It may be 30 years later, but Apple CEO Tim Cook still remembers when Apple was close to death and then Dell-CEO Michael Dell said that he’d shut the company down.
He recalled the quote while explaining how he decided to join Apple and his career path as part of a talk at Oxford on Wednesday.
“One day, out of the blue, Steve [Jobs] has come back to Apple, and essentially fired everybody, that was working for him at that time,” Cook said, “He began to recruit. I had never met Steve before.”
It was a difficult choice for Cook, who was a rising star at PC maker Compaq at the time.
“Actually, the people that I respected the most that knew me, some that knew the situation at Apple at least on a cursory basis, 100% said ‘you should not do this. You would be leaving the #1 PC company in the world, that has a great future, and you would be going to a company that’s going out of business,'” Cook said.
“In fact, Michael Dell had just said that if he were the CEO of Apple, he would close it down and give any remaining money to the shareholders. Because it was clear that the book had been written, the last chapter had been written, it was just a matter of the chapters in between,” he continued.
But there was a feeling inside him that told him to “go West, young man” even though all the signs said that the move was a bad decision.
“I did what an engineer does. I made a list of pluses and minuses, I ran a spreadsheet. They both told me I should stay put, but my intuition was saying something different. And I listened to my intuition,” Cook said. “That was one of the most important decisions of my life. Maybe the most important.”
It’s not the first time an Apple CEO has directly referred to Dell’s infamous quip. Back in 1997, Jobs responded to Dell during a presentation by throwing up his headshot on a slide, calling him rude, and declaring, “we’re coming after you, buddy!”
‘Why are you saying this stupid thing’
But Cook’s journey to Apple wasn’t the only subject he discussed on Wednesday in an interview in which he seemed more relaxed and made more comments about his closely-held personal life than most of his other public appearances.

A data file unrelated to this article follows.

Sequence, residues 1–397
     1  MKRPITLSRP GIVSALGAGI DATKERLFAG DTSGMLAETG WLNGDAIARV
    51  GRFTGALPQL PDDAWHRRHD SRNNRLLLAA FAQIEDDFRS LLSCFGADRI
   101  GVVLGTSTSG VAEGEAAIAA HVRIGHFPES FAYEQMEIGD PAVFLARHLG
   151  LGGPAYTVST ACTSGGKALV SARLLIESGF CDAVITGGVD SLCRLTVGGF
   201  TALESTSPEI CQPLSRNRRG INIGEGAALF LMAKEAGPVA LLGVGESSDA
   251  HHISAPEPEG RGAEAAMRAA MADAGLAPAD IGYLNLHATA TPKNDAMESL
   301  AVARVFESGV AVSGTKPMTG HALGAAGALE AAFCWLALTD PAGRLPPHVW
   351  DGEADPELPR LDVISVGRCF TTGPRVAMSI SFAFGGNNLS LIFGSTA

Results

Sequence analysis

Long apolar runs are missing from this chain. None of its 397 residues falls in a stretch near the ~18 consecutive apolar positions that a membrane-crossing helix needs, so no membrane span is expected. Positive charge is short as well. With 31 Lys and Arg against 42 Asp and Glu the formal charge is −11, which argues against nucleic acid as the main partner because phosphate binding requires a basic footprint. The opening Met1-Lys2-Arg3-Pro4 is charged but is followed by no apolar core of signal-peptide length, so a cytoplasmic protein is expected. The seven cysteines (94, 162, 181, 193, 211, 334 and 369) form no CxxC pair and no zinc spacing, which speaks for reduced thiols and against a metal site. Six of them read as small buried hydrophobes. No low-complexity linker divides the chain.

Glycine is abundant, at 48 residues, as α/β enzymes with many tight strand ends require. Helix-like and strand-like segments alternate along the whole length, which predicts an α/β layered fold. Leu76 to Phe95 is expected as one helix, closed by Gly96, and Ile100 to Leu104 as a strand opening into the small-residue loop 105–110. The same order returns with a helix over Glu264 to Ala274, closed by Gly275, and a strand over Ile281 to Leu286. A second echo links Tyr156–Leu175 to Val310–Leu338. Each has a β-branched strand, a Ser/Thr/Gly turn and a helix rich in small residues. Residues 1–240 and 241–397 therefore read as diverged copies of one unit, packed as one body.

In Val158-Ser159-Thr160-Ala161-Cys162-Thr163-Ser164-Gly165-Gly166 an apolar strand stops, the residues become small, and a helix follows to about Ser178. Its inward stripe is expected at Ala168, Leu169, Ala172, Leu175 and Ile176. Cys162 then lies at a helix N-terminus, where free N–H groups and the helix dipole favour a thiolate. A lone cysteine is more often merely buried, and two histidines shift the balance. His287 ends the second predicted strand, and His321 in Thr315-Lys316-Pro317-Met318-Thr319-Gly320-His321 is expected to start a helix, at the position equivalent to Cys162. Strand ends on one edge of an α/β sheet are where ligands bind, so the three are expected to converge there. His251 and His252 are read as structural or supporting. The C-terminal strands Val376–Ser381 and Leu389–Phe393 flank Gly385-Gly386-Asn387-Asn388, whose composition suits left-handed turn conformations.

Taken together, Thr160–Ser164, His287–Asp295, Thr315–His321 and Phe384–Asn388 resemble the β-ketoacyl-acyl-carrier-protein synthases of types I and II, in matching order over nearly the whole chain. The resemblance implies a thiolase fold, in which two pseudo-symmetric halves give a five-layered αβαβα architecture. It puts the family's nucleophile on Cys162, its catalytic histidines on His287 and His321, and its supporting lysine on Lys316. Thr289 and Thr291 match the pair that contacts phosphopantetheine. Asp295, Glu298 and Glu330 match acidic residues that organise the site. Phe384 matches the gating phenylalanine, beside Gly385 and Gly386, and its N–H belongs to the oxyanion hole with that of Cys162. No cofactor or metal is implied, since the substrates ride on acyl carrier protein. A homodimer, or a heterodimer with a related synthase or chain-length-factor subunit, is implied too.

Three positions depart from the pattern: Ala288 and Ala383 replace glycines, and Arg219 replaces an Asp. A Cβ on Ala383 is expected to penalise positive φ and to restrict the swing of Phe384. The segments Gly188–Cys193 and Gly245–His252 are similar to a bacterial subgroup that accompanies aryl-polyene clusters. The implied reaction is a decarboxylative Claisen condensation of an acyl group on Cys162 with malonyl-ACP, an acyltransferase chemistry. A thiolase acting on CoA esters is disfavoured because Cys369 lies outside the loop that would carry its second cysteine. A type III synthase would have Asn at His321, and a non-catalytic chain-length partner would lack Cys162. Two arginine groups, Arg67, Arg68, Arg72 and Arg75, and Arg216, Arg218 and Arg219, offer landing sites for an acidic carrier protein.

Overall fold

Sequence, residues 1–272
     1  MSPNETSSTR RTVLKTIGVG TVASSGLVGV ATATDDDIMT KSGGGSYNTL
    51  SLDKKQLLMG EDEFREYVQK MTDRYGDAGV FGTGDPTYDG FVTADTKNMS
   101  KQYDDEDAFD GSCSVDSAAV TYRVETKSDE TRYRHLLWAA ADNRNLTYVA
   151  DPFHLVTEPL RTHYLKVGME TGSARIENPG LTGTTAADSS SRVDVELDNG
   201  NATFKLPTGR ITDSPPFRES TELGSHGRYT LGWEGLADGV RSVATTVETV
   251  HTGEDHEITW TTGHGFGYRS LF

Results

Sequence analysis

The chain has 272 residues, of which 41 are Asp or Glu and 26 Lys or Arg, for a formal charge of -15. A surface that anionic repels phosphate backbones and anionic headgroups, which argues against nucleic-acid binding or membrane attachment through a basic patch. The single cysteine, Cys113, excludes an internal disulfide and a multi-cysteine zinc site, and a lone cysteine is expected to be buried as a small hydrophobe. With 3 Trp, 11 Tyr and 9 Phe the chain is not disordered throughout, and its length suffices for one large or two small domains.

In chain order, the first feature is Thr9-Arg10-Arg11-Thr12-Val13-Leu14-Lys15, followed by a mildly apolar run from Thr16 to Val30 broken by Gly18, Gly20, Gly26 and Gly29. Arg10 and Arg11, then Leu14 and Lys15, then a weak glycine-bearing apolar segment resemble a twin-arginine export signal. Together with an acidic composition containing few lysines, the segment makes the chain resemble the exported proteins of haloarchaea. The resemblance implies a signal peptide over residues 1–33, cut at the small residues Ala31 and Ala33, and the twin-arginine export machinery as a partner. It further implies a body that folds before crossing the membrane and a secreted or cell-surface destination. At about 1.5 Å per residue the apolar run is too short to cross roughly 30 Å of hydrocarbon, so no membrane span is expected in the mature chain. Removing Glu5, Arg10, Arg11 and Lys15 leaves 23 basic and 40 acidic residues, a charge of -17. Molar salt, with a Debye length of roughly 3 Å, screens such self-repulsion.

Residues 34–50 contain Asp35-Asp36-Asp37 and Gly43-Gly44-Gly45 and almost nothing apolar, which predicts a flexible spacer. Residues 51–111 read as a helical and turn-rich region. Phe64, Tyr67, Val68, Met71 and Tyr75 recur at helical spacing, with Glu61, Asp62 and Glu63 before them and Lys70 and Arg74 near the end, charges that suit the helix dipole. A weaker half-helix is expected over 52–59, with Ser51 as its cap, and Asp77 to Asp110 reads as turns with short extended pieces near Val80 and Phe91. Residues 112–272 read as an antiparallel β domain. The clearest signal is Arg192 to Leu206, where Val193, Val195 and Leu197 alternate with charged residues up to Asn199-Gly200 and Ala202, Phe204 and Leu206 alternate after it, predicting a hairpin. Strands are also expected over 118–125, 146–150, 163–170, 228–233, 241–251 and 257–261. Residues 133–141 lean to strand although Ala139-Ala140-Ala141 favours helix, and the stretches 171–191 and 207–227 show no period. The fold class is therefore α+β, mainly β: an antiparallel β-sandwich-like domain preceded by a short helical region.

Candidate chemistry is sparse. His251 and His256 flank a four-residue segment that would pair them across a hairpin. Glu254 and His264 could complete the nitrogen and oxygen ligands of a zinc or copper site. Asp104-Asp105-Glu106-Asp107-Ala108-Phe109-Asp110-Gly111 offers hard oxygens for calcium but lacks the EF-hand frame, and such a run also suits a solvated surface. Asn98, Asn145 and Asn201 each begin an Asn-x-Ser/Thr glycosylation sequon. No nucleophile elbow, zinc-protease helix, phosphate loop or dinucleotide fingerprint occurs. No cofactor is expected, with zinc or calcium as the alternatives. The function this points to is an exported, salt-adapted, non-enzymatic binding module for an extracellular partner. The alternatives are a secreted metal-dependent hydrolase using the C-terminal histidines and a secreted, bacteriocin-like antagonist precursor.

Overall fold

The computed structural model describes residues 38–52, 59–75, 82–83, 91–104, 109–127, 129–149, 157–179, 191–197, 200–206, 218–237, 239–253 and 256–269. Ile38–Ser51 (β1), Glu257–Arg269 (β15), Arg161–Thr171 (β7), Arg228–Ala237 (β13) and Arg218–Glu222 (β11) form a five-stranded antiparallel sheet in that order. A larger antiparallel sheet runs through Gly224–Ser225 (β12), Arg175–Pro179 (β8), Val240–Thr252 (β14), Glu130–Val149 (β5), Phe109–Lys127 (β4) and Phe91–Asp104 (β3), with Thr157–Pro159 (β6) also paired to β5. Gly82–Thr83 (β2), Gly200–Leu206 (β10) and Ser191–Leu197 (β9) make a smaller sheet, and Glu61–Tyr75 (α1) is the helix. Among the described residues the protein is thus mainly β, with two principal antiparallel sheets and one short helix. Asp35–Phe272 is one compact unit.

For example, he discussed his passion for human rights, his “very lower-middle class” upbringing, and how he feels like he can inspire gay kids.
He also commented on how some shareholders have negatively reacted to his public and semi-public comments about recent political issues, such as restrictions on immigration or the Trump administration’s lack of reaction to a white nationalist rally in Charlottesville, Virginia.
Cook explained that speaking up is part of his values and he believes that people react positively to someone taking a stand on principle.
“When you see something that’s going on that is in conflict with those values, I think you have a responsibility, an obligation to speak up. Because silence is the ultimate form of consent,” Cook said.
Cook said the fact that he has to address hot-button political issues is a part of his job.
“I think the CEO role has changed. Historically, CEOs focused on revenues, profits, shareholders. I think that’s a very limited view of the world, at least for Apple it is, because Apple was founded to change the world. We make tools to empower other people to do incredible things,” Cook said.
“I know people disagree with me on this. I get notes from shareholders that say, ‘why are you saying this stupid thing.’ ‘You’re going to upset somebody that might not buy your product because you feel that way,'” he continued. “But I think the vast majority of people of even when they disagree with what you say, if you’re standing on principle and being authentic, I think people are really smart.”
He also mentioned that he knows it’s a challenge for other companies, too.
“I know it’s a new world. I know a lot of CEOs that are very uncomfortable. But it is the world. By trying to say it doesn’t exist, or make it pollyannaish, is doing no one any good.”
The entire talk is worth your time for Apple fans and investors. You can watch below:
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